The plot is compelling, intelligent, and never falters in the area of story logic. Combine that with a lack of melodrama and a rather bland, documentary-style look and you have the makings of a horror film, a political warning shot that shakes you to your own core. But the smartest decision the screenplay makes, is about an hour in, when the narrative moves away from Jane Fonda’s reporter-ette and on to Jack Lemmon’s sympathetic company man.
No one played an everyman like Lemmon and when he loses faith we lose faith. We have no choice. Jack Godell is a good man not looking for a big story, not looking to promote himself, and in order to tell the truth, he’s not only willing to give up his livelihood, he’s willing to admit his entire belief system was wrong. Another factor that makes the story so believable is that when Godell has his moment to tell the world his story on television, he blows it. He’s not built for the soundbite era and instead of articulating the danger, he babbles incoherently with jargon no one understands. There’s no clean Hollywood victory here. There will be an investigation, sure, but the waters remain forever muddied. Who will win the coming spin war? We’re not given the answer. But before the credits roll in deafening silence, the news broadcast ends and a commercial showing Americans in love with their new, fancy microwave ovens airs.
You worried yet?
Another important piece of story credibility arises from the fact that it makes perfect sense as to why no one would believe Godell. The construction company that cut corners is the arch-villain but do those trying to silence Godell, those who own the plant, even know about the danger? Blinded by greed, they simply don’t believe or don’t want to believe that the plant is unsafe and therefore only see Godell (and the media) as gadflies out to ruin them. We in the audience know the truth and nothing is more frightening (and real) than the lack of these crucial dots connecting.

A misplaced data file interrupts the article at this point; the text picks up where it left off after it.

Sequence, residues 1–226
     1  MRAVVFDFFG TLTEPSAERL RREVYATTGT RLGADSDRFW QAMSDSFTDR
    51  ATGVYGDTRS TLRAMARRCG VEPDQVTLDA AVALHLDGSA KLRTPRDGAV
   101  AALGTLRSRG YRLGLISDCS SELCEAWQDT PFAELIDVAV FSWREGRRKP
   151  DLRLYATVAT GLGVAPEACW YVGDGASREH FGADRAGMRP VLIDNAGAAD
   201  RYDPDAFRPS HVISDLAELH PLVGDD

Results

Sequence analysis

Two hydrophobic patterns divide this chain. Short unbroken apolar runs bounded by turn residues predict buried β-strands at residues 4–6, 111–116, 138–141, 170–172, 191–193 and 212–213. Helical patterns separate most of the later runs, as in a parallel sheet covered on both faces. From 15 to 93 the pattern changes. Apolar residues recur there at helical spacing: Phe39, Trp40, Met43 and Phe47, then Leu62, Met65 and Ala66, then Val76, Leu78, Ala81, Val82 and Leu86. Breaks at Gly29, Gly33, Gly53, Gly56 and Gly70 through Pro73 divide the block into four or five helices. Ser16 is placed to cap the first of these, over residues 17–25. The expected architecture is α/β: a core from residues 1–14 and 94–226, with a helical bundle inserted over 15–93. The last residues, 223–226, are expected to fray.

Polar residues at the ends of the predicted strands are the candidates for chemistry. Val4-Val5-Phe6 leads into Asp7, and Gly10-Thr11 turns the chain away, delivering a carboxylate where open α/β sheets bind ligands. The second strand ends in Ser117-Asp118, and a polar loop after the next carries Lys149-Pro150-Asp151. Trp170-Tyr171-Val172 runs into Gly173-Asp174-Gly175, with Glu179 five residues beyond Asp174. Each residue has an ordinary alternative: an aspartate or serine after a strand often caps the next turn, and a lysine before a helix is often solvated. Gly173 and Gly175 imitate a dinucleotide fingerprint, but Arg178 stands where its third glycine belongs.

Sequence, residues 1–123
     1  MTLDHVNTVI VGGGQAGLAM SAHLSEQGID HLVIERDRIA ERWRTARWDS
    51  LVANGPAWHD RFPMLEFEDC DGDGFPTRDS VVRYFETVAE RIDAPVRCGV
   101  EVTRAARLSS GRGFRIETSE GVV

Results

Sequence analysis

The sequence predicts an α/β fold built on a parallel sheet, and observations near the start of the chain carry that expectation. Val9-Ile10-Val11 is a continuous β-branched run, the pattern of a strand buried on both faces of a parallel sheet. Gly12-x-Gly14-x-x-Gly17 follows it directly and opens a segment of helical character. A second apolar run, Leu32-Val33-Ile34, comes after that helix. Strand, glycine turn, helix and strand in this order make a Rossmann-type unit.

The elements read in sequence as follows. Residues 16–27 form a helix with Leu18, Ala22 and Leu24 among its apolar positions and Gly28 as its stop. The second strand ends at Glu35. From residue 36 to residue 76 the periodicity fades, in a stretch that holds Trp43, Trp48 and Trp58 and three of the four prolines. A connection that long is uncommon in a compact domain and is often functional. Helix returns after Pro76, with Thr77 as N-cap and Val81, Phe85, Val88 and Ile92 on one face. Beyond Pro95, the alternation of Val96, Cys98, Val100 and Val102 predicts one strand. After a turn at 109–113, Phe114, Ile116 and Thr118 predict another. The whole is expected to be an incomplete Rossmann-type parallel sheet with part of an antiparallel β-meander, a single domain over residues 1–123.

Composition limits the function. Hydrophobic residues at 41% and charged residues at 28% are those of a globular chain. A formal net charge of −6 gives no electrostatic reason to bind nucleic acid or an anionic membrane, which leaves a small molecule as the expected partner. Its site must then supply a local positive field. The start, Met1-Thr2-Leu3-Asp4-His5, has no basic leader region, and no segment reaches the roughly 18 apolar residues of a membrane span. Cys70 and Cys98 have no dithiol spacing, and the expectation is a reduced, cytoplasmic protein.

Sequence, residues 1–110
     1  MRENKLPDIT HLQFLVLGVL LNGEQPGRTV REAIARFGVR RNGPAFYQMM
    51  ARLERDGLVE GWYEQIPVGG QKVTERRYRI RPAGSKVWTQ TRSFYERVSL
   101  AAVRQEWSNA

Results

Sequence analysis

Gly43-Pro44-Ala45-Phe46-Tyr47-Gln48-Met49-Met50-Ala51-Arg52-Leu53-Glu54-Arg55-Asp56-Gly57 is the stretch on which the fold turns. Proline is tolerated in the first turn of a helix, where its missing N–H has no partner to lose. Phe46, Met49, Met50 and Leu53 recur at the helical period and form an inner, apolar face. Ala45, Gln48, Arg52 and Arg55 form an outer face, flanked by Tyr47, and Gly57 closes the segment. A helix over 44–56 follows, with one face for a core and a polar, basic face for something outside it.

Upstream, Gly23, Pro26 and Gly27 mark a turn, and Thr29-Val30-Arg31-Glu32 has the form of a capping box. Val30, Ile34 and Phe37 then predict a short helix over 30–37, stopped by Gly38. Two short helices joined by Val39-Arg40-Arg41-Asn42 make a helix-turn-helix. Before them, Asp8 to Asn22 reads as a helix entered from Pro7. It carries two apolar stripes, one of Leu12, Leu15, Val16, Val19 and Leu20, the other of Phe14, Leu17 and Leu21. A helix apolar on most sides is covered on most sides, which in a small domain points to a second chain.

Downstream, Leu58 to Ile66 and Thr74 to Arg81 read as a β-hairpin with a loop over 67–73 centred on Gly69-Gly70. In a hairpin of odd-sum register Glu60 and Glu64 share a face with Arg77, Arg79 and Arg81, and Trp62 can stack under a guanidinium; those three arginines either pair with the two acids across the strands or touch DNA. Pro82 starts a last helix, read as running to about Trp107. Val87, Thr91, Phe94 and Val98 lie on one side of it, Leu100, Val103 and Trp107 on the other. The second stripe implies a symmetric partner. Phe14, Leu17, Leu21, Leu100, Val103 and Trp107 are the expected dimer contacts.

I’ve said it before and I’ll say it again: If Hollywood made anti-war films today as effective as “The China Syndrome,” the Iraqi people would be fucked.
What’s not on the list
Pleasantville (1998): Someone tweeted this as a suggestion today. But no, writer/director Gary Ross’s ode to loveless sex, adultery and divorce — yet another (though creative) stereotyping of the ’50s, Middle America, and the suburbs, didn’t make countdown. There’s a reason why what was a pretty popular movie at the time has all but faded away into obscurity, why you don’t see it in regular rotation on TNT or AMC. With Don Knotts and Reese Witherspoon and the whole fantasy angle, you’re kind of fooled at first into thinking there’s a whimsical, fairy tale quality to the story. But then you watch it again and what really is a rather diseased and dark message starts to hit home. The first time I saw “Pleasantville” I loved it. A second viewing made me want to take a shower. And I don’t think I’m alone.
Ross sure rallied five years later with “Seabiscuit,” though. Never tire of that one.
Here’s the Top 25 countdown thus far.